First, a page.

You know, many years ago I took a training program and I ended up getting certified to train others in it from Senn Delaney. I don’t know if you’re familiar with Senn Delaney. But one of the concepts that we learned was about the mood elevator, and so we had all these visuals that we needed to first recognize where we were on the mood elevator at any given point in time or situations would unfold. And certainly, when you’re facing a problem, thinking about where you are in the mood elevator, we thought there was a real correlation to trying to get higher on it to become more creative. So I remember thinking that the way we described it was if you were in the basement, like if you’re in the first, ground level, ground floor of any kind of a building, and so you know, floor one for the elevator, all you can really see when you look out the window are the, maybe the buses going by, the trees, people walking down the sidewalk, so on and so forth, outside your building, but if you press the button on this elevator and you go up a few fights, all of a sudden when you look out the window, you can see beyond the trees in front of you, you start to see the roads, maybe the highway out in the distance. Anyway, so on the fourth level, you start to see broader and think broader. Well, get on the elevator again and go all the way up to the top so you’re in the top of this skyrise, the high-level building. And when you look out, you can see as far as the eye can see. And when you’re up at the top and you’re feeling really good because you’re at the top of your mood, that’s when you really get creative because you start to see possibilities and you feel lightened. So when I think about I need to be creative, I check where I am on that mood elevator and I figure out how do I get myself up, get myself more positive, thinking more broadly. And that’s when I start to see new solutions.

JoDee 8:37
Oh, I love it! And I think that’s a great visual of you know, sometimes we hear or we say, you know, take a step back, right? Step away from the problem, which, which might be on the first floor, right, and elevate yourself, or even just moving away or getting out and taking a walk, right, to get a different perspective, it’s really powerful.

Susan 9:02
I think these are really good ideas about how we get ourselves to be more creative. But JoDee, how do you think we can help others, people that we work with, to help spur them on to be more creative?

JoDee 9:11
Yeah. So I think obviously, we could encourage people to do some of those other things that I’m doing as well, even simple as getting a good night’s sleep or exercising. But I also think, too, it can be really easy is for us to shut other people down, right? When people come to us with new ideas and we want to say, oh, we’ve tried that before, it didn’t work. Thank you for sharing, but that’s not a good idea for us right now. Right? As, as opposed to encouraging people, even if it might not be the right answer, right? Or maybe, maybe it isn’t going to be economical for us or we don’t have enough time to do it, to encourage people to keep thinking and to keep thinking big, right? A lot of good ideas come from, from big ideas that maybe do cost a lot of money or take a lot of time that we can then step back and think how might we, how might we approach the same concept in a different way? I think one of the the ideas that I was going to suggest, too, is equate it back now to your mood elevator, which I like, is called shifting your view. Right? So thinking about it from a different perspective, a lot of times when we’re faced with a problem, we, our first reaction is how does this impact me, right? How is this gonna make me have to work longer or, or get up earlier, or come in on Saturdays? Right? But how does the issue or the opportunity, how does it affect your customers? How does it affect your suppliers? How might it affect the owners or the shareholders or the guy on the front line or the receptionist, right? So thinking about the problem from all different aspects, or again, going back to your mood elevator, how’s the problem? Look on the first floor and how’s the problem? Look on the eighth floor, right? So think about it, not just from your own perspective, but from others. So.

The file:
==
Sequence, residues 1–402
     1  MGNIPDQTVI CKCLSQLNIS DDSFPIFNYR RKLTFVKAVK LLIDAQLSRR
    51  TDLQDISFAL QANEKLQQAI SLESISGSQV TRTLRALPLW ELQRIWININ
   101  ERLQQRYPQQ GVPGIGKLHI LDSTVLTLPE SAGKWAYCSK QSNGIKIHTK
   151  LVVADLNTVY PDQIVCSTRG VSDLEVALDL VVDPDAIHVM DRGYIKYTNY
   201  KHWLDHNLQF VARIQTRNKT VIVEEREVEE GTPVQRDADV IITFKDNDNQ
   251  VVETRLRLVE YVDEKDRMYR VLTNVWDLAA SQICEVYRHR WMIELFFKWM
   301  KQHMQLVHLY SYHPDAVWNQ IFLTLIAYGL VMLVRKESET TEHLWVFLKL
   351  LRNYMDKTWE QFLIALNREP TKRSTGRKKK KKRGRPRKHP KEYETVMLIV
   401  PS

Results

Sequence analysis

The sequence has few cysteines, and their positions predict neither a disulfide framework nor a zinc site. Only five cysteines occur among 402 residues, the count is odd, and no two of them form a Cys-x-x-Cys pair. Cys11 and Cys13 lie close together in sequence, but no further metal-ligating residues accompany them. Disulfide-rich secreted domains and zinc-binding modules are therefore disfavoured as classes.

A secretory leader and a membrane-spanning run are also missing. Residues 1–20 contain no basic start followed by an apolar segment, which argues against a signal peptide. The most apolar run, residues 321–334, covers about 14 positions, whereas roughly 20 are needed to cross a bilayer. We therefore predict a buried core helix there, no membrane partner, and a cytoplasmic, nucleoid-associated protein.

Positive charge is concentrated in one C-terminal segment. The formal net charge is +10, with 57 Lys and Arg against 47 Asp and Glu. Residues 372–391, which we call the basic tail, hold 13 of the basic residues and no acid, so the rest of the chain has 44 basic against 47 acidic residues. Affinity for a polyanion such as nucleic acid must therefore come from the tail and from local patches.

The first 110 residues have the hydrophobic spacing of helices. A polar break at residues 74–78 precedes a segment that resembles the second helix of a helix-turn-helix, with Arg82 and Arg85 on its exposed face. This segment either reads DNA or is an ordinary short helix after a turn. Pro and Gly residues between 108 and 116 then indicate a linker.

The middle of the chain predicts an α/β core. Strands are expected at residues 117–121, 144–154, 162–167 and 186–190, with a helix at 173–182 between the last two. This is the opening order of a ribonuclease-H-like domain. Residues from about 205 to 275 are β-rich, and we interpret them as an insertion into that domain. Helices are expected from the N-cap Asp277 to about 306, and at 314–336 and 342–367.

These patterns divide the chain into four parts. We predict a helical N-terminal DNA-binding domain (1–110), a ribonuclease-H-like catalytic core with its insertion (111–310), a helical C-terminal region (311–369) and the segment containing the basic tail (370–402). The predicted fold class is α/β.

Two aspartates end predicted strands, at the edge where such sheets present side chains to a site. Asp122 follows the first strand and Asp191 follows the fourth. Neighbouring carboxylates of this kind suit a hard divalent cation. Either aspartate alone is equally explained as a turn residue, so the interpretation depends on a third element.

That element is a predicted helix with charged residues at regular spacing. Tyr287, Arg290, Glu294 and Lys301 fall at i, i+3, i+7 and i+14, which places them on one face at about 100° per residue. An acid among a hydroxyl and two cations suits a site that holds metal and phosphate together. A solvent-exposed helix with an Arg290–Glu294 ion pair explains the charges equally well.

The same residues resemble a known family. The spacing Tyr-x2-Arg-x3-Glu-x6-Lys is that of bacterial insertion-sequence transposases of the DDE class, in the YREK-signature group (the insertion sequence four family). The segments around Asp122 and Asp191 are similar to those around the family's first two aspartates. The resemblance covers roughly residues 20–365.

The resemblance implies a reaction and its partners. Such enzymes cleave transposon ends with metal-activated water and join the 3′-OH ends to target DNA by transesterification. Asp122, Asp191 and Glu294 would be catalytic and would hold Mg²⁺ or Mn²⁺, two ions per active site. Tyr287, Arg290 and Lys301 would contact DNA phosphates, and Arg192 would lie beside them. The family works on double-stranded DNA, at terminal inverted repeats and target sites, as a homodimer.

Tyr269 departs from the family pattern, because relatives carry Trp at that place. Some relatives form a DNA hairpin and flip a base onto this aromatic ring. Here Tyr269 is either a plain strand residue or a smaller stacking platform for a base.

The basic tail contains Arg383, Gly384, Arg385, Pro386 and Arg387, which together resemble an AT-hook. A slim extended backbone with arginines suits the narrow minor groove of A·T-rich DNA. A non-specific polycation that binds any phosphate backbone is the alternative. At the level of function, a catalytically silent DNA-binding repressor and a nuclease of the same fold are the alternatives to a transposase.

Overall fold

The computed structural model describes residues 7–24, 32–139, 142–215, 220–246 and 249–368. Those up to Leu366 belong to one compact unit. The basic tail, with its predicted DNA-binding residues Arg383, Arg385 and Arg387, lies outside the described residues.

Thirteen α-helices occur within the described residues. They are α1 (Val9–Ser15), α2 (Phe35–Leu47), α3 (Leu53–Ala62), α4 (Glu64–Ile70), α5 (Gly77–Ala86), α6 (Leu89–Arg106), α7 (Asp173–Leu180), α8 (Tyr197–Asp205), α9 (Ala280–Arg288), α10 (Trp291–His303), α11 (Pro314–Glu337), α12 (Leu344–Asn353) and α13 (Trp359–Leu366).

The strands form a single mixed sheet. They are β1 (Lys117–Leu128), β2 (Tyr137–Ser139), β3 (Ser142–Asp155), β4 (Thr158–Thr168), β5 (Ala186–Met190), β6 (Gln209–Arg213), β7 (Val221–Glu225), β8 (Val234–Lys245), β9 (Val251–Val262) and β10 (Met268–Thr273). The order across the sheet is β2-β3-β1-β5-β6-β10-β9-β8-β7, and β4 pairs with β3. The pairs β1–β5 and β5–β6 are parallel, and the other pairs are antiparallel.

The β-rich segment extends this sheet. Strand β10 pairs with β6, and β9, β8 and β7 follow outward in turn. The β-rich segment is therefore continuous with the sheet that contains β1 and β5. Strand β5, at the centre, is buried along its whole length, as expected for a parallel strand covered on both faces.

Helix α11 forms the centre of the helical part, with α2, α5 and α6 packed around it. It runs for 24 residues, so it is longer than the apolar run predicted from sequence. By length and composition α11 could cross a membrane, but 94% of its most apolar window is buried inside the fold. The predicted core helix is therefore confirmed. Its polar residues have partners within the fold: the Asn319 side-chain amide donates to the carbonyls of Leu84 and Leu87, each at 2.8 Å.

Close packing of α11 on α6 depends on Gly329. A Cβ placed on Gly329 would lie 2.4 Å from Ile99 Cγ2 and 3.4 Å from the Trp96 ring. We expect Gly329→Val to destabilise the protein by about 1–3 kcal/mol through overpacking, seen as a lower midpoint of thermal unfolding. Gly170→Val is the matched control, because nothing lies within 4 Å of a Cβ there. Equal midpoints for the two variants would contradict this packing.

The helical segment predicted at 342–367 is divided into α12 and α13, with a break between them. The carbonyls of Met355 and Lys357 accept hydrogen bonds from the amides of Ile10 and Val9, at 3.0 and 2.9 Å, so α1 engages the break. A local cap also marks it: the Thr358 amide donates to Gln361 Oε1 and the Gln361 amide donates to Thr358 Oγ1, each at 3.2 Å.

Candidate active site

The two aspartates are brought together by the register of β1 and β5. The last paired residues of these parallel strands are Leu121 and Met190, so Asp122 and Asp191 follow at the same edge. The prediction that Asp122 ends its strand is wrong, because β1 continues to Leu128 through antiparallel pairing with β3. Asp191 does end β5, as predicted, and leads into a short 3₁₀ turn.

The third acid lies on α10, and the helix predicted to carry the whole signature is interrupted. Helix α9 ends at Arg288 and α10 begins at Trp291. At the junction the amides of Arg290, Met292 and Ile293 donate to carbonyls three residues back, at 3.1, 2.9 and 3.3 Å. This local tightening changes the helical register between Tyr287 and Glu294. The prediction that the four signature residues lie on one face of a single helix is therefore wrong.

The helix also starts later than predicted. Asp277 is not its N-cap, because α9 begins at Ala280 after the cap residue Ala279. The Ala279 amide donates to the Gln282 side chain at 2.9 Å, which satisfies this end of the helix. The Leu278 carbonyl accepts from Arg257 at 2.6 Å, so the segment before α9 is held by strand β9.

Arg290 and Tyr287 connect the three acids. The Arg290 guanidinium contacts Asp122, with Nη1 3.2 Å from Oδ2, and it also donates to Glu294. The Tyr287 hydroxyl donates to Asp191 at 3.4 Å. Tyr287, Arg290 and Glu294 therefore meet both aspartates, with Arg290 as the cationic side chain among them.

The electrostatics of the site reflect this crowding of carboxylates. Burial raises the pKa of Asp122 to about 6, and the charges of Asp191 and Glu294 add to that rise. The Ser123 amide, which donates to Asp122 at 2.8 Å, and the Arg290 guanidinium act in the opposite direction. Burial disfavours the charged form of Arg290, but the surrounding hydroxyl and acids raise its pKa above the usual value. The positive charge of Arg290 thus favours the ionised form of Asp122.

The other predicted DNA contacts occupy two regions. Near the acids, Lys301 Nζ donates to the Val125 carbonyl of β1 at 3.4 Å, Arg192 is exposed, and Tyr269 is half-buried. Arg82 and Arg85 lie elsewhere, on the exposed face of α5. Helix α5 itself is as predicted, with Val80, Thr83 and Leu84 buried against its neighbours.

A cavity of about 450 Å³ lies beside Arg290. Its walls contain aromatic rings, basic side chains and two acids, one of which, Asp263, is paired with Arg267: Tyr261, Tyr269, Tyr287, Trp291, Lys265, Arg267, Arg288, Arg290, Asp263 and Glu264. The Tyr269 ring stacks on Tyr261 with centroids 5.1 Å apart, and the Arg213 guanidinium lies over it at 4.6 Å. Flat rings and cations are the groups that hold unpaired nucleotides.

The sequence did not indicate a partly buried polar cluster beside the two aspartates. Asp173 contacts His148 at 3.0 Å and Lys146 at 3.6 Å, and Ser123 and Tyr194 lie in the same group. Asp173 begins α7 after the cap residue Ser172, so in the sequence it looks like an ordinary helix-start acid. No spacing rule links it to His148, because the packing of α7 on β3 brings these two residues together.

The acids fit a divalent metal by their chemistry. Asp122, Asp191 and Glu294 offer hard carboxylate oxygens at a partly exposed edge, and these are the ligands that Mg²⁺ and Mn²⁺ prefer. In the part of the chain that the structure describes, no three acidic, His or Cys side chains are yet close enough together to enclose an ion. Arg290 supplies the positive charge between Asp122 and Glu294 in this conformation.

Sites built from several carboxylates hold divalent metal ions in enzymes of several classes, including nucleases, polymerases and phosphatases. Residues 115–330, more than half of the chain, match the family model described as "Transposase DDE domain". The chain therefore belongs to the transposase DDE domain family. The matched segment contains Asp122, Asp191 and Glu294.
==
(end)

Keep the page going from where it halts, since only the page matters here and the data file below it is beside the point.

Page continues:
Susan 11:20
Good. So Dr. Min Basadur suggests that adults use less than 10% of their creativity on any given day. Why is this, do you think, JoDee, and why aren’t we more creative?

JoDee 11:32
Yeah, isn’t that crazy statistic? Less than 10% of our creativity. Well, the – Dr. Min Basadur also goes on to say that this actually starts in junior high, that we are most creative in our lives as a child, right? And you think about the simple aspects of, you know, you’re teaching a kid to draw and they draw a tree and you tell them to draw green leaves and a brown trunk right? And the child might not necessarily gravitate toward that, but we start teaching them what we believe to be right and wrong, versus allowing them to express their own own creativity. And as we get older, we learn more fear. Or sometimes I wonder, are we teaching fear? Are we teaching others to be fearful? And that might be that it’s a fear of ignorance, a fear of failure, a fear of being in charge. I always think sometimes as a volunteer, right, we know if we raise our hands, we’re going to be in charge of it. Right?

Susan 12:42
Don’t give them eye contact, they’re looking for volunteers!

JoDee 12:46
Or are we fearful of breaking a tradition, right? Sometimes we focus on the short term versus the long term, which again, I think with social media, Google, YouTube, that’s, we’re looking for the short term quick fixes, as opposed to thinking longer term about how might this impact us? You know, thinking about climate change, right? It’s easy to think, oh, it’d be so much easier if I buy a bottle of water as opposed to thinking long term, what do bottles of water do to our climate and our Earth? We have a fear of making mistakes, right, or making assumptions. We don’t always want to raise our hand or suggest something different in a group of people because they might think that, you know, it was a crazy idea or, or that it’s the wrong answer. Sometimes I think this fear comes or, or not always a fear, I guess, but what keeps us from being more creative, is maybe that we know too much. Right? That we know that trees have brown trunks and green leaves, but that doesn’t mean if we’re drawing one or painting one or doing a graphic design about it that that’s what the tree has to look like. Or we know that we’ve worked in the same organization for 10 years, and this is how it’s always been done. That doesn’t mean it’s the best way, the most effective way.